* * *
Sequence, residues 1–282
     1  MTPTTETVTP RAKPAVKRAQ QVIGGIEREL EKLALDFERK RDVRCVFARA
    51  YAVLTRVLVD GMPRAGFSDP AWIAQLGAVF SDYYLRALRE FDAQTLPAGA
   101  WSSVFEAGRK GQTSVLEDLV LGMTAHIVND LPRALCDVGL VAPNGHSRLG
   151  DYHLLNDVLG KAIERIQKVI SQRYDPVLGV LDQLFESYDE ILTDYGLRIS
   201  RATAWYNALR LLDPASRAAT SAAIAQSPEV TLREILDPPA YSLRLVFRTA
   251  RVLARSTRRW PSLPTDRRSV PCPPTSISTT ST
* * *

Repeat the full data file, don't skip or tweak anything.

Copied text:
Sequence, residues 1–282
     1  MTPTTETVTP RAKPAVKRAQ QVIGGIEREL EKLALDFERK RDVRCVFARA
    51  YAVLTRVLVD GMPRAGFSDP AWIAQLGAVF SDYYLRALRE FDAQTLPAGA
   101  WSSVFEAGRK GQTSVLEDLV LGMTAHIVND LPRALCDVGL VAPNGHSRLG
   151  DYHLLNDVLG KAIERIQKVI SQRYDPVLGV LDQLFESYDE ILTDYGLRIS
   201  RATAWYNALR LLDPASRAAT SAAIAQSPEV TLREILDPPA YSLRLVFRTA
   251  RVLARSTRRW PSLPTDRRSV PCPPTSISTT ST